Forgiveness

IMG_1610What does it mean to forgive? It seems to have a lot of different meanings to a lot of different people. In some circles, it means that one person forgives another person. I personally was not very comfortable with this definition because it didn’t feel right to me. Who was I to determine that I was in the right and they were in the wrong? Who writes these rules? Is there an appeal process?

Another popular meaning is that you absolve the person of any blame. It is a sort of a pardon or a way to free the accused from the need for punishment. Does this mean that it is OK if someone has hurt you? Sometimes people insist on the other person apologizing before they will forgive them. Is the other person taking the blame necessary for you to forgive? This doesn’t ring true for me either because it gives someone else too much control over how I feel. Another view on this is that forgiveness has nothing to do with anyone else.

We can spend a lot of time discussing whether or not someone “deserves” to be forgiven or whether or not enough punishment has been doled out, or enough time has passed, but failure to forgive someone is only harmful to you. The lack of forgiveness is not hurting the person that has not been forgiven. The individual that is the focus of your hate is often totally unaware of the fact that you hate them and that you are refusing to forgive them.

If you consider the possibility that forgiveness has nothing to do with anyone else and see it as a way to free yourself from the pain that holding onto this blame is causing you, then you enter a different space. Oprah likes to say that forgiveness is giving up the hope that things could have been different in the past. This has nothing to do with what happened to you. It does not mean that what happened is OK. It does not mean that it did not happen. It means that it did happen and there is nothing that you can do about it.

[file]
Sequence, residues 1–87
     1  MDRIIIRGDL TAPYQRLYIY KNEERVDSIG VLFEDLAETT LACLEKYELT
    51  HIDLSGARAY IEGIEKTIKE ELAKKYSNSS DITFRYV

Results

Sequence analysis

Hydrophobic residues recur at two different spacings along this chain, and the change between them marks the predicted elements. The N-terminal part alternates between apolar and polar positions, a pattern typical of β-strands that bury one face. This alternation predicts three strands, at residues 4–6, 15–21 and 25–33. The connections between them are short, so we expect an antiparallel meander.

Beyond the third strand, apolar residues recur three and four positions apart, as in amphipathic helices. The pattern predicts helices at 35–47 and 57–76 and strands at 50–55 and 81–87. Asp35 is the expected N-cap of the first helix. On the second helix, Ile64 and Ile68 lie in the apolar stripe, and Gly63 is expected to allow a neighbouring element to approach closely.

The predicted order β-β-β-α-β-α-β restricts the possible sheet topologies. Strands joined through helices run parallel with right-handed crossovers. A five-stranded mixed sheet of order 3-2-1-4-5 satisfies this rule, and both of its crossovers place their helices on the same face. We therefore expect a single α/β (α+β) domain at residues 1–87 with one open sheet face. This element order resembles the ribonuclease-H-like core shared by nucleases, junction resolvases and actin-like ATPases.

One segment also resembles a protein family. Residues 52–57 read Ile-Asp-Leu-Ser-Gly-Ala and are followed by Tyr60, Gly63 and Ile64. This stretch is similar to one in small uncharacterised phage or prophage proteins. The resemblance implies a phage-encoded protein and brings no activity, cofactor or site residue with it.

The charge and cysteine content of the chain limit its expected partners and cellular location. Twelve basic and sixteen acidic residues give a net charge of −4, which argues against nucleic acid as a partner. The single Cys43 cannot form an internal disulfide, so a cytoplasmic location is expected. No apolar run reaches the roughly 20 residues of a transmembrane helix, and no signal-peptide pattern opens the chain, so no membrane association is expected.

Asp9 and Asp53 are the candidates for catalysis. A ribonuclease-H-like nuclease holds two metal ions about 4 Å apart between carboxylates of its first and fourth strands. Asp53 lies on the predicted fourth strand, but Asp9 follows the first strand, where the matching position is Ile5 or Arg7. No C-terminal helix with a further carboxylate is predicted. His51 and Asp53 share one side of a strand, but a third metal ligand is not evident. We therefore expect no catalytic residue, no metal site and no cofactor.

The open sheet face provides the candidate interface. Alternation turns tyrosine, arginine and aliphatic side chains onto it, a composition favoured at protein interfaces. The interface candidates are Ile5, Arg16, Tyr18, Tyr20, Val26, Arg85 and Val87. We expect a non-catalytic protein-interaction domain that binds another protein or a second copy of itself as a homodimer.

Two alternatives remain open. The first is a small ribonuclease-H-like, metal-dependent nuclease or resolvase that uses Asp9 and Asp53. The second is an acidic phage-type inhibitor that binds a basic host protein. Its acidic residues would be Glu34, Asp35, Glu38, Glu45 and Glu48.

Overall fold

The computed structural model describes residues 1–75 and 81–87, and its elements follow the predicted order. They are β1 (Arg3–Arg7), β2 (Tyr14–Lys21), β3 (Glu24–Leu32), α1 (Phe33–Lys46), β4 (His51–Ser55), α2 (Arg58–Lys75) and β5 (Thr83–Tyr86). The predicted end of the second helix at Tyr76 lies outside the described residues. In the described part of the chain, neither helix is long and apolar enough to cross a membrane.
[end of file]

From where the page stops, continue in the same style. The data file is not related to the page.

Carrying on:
Forgiveness becomes the act of accepting that something bad did happen and that is just a fact. There is nothing that you can do to change that. Spending today wishing that it had not happened or dreaming about how your life would be different if it hadn’t happened, is not going to make you feel any better.

Lets not forget that anger is often holding down other emotions. Below anger there is often pain or fear. For those of you that tried to express your anger to help release it after reading “Big Boys Don’t Cry” you may have found that there was another emotion underneath. This is common. As a society we are more comfortable feeling angry and disgruntled than we are feeling vulnerable. When you peel back the anger, you find the core of the problem and it is painful. This is now what you need to experience in order to release it.

Hanging onto the anger allows you to feel like you are protecting yourself from the pain or from feeling uncomfortable. It does not protect you it just forces you to spend your life feeling angry.

Holding onto blame and refusing to forgive can be used to avoid another situation that causes you pain. You can hold onto the anger in a way that keeps you from trying again. For instance, you are up for a promotion at work. A co-worker gets the promotion instead of you. You are hurt and embarrassed and instead of feeling this pain, you become angry.